PARCC Test!!! (Helpful links at bottom)

PARCC Test
As many parents and kids know, the PARCC test replaces the DC-CAS test, starting… very soon! When I speak to parents I hear lots of questions. I address some of the basics here. I’ve also included links to relevant sites, including a PARCC site where you can take a sample test, the PARCC information sites sponsored by DCPS and by DC’s Office of the State Superintendent of Education (OSSE), and the OSSE site where you can read the Common Core standards that the PARCC is designed to assess.

First, some basics about PARCC and about the Common Core State Standards that it is designed to assess:

What are the Common Core State Standards?

Several years ago, DC replaced its existing standards in math and English language arts with the “Common Core” state standards. The CCSS were developed by educators from across the country through a partnership initiated by the nation’s governors and the nation’s state superintendents of education. While DC was an early adopter of the standards, at this point, almost every state has adopted them.

Why have DC and other states adopted them?

The key reasons that most states, and DC, have replaced their previous standards with the CC standards are:

–It makes sense to have the same standards across all states. As many commentators have pointed out, no matter what state you’re from, the rules of grammar, the concepts of math, and the principles of writing are the same. It makes sense for standards in these subjects to be the same across the country. This is especially true in a country where people move around so much. And, it’s even more true for students in DC, who will likely find themselves at some point in their lives working or studying in another state.

–The Common Core standards, in addition to bringing consistency to schools across the country, reflect higher academic expectations than previous standards. The developers of the standards believe that the CC standards reflect a level of understanding and competence that will enable students to be successful as freshman in college in both subjects without having to take remedial, non-credit courses.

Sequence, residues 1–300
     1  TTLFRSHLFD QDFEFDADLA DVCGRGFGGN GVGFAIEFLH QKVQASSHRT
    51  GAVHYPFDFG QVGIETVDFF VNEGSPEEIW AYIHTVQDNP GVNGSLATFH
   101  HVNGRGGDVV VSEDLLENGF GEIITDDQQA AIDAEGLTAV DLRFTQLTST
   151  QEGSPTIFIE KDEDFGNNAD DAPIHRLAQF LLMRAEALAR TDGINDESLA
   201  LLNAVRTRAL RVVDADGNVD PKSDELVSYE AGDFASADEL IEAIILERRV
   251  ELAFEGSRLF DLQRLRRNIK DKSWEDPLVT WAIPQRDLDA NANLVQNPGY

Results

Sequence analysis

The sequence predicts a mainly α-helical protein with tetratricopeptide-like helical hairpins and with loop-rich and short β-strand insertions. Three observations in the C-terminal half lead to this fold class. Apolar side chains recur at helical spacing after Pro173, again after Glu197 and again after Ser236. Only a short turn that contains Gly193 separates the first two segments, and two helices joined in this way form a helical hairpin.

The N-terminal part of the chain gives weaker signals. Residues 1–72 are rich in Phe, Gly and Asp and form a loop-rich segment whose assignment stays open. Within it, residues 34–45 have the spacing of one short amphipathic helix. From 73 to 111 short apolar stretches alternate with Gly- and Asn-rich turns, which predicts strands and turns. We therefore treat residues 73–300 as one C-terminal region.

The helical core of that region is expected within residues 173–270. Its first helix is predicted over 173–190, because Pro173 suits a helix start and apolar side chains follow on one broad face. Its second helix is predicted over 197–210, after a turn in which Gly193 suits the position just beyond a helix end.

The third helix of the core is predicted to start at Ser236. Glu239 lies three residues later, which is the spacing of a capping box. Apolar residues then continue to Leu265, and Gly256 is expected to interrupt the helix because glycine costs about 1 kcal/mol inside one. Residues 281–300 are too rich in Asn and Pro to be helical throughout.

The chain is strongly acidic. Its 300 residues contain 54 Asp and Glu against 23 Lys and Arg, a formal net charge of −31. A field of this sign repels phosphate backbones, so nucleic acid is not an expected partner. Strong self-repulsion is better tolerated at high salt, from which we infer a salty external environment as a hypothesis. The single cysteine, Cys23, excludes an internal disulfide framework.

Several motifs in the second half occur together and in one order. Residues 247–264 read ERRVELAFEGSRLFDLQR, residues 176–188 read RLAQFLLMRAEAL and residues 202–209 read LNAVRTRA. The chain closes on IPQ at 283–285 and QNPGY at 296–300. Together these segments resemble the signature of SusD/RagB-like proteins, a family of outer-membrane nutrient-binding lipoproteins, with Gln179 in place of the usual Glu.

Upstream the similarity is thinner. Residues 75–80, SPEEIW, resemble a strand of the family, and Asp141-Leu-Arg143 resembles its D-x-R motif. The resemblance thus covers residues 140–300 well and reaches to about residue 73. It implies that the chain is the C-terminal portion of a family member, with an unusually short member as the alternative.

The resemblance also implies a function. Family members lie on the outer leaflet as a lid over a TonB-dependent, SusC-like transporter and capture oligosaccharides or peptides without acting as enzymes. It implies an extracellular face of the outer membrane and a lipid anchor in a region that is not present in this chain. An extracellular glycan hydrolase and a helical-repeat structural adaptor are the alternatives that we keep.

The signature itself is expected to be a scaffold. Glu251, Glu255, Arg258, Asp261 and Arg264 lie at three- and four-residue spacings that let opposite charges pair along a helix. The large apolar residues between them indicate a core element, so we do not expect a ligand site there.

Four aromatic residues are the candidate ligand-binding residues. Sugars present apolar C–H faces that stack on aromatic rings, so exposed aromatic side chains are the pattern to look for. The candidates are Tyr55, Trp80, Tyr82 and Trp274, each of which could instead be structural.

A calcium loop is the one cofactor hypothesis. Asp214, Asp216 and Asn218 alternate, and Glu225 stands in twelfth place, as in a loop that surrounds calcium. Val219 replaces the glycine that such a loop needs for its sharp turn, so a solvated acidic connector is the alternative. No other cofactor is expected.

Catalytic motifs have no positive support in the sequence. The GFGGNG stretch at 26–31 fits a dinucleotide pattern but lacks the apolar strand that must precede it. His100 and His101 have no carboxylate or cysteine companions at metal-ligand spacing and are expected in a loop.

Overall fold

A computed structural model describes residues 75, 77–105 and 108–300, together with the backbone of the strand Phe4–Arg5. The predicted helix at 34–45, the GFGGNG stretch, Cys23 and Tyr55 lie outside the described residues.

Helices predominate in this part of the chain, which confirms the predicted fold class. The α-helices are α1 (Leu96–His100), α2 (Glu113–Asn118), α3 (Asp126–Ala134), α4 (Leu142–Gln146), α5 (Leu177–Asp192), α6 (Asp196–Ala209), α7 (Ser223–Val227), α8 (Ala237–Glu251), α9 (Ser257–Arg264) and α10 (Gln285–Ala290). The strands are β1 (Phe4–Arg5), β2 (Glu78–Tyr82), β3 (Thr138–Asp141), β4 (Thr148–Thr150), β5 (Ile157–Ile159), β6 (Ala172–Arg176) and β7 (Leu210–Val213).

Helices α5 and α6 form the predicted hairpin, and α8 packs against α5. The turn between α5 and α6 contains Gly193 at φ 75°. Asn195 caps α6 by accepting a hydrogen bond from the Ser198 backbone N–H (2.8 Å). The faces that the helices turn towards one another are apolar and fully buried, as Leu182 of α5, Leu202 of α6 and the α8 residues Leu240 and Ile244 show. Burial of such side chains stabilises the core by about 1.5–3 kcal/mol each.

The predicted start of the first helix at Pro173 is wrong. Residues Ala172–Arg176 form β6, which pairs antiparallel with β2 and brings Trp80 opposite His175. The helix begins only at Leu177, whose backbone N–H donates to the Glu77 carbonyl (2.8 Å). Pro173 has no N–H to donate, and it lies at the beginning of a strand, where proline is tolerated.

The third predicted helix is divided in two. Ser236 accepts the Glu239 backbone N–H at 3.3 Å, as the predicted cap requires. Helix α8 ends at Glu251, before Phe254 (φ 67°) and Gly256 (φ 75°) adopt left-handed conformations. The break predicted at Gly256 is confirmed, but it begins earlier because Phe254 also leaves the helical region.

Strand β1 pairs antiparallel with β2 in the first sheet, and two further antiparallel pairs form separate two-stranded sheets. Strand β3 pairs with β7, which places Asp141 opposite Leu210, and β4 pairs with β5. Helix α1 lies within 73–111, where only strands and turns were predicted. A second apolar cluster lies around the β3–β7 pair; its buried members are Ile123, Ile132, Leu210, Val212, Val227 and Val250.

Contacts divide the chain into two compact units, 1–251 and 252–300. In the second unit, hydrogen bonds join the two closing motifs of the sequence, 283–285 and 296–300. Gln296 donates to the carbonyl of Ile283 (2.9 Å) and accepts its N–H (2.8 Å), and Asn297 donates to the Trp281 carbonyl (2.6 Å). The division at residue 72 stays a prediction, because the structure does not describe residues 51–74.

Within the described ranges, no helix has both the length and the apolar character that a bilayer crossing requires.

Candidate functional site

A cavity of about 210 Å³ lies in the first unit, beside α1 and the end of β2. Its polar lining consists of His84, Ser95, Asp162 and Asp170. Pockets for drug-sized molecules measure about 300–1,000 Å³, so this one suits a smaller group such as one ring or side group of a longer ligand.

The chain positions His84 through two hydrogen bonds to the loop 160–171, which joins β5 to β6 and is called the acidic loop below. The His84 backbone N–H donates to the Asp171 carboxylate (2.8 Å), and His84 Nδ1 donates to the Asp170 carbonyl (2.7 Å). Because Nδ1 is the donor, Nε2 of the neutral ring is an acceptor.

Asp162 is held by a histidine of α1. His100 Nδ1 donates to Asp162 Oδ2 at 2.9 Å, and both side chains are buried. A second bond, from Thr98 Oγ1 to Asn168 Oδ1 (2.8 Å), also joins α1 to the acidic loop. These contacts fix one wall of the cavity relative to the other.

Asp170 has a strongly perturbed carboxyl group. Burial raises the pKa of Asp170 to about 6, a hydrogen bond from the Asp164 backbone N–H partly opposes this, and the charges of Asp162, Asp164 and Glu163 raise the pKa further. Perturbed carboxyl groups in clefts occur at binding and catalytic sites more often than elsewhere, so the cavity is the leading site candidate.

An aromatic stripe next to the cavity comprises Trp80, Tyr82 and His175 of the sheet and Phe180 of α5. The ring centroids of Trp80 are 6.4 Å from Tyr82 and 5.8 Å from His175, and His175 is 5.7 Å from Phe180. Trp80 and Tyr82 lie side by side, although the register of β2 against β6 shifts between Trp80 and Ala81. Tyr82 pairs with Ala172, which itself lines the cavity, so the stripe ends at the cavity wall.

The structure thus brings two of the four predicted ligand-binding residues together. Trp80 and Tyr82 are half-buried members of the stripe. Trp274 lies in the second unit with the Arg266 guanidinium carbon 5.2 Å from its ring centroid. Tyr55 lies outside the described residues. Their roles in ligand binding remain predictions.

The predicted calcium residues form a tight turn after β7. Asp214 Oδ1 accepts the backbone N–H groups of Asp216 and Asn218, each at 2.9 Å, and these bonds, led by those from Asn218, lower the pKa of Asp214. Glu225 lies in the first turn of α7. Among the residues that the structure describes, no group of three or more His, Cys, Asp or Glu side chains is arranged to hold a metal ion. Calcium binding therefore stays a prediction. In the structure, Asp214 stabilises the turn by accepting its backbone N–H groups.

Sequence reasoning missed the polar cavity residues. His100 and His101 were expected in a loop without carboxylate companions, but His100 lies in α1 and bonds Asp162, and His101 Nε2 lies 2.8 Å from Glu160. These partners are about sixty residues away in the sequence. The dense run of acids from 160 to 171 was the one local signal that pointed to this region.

Why did DC adopt the PARCC test?

Once DC adopted the Common Core standards, it became necessary to adopt an end-of-year test that aligned with the new standards, which DC’s existing end-of-year test, the DC-CAS, did not. To assess progress towards the new standards, DC (specifically the Office of the State Superintendent OSSE) adopted a new set of end-of-year tests in ELA and math, known as the PARCC. These assessments, in comparison to the DC-CAS, use more innovative test formats and test higher-level skills.

When will the new PARCC tests be given?

The new tests will be administered for the first time this spring. These tests will be taken by students in grades 3-8 and in algebra 1, geometry, and English 1 and 2. The tests will be given in two parts, the performance assessment and the end-of-year assessment. The performance assessment will be given starting in March; the end-of-year assessment will be given starting in May.

What will be done with the test results?

Because this is the first year of the PARCC test, no results will be available until the fall. At that time parents will get their children’s scores. While school-level scores will be public, the results will not in this first year be used to classify or rate schools, and they won’t be used by DCPS in teacher evaluations.

For more information, try these links:

Here is OSSE’s summary page, and here is OSSE’s home page with additional links relevant to PARCC, including practice tests. with additional links to practice tests and other

DCPS’ PARCC site includes a video overview of PARCC and links to sample questions (at the bottom).

For information from PARCC, including a link to the “Item of the Week” (on right navigation), click here.

You can try out PARCC practice tests here. It will ask you to sign in. Your own name will get you in.

For additional questions, you may email osse.assessment@dc.gov or dcps.testing@dc.gov.

And, feel free to comment to me: ruth4schools@yahoo.com

 

 

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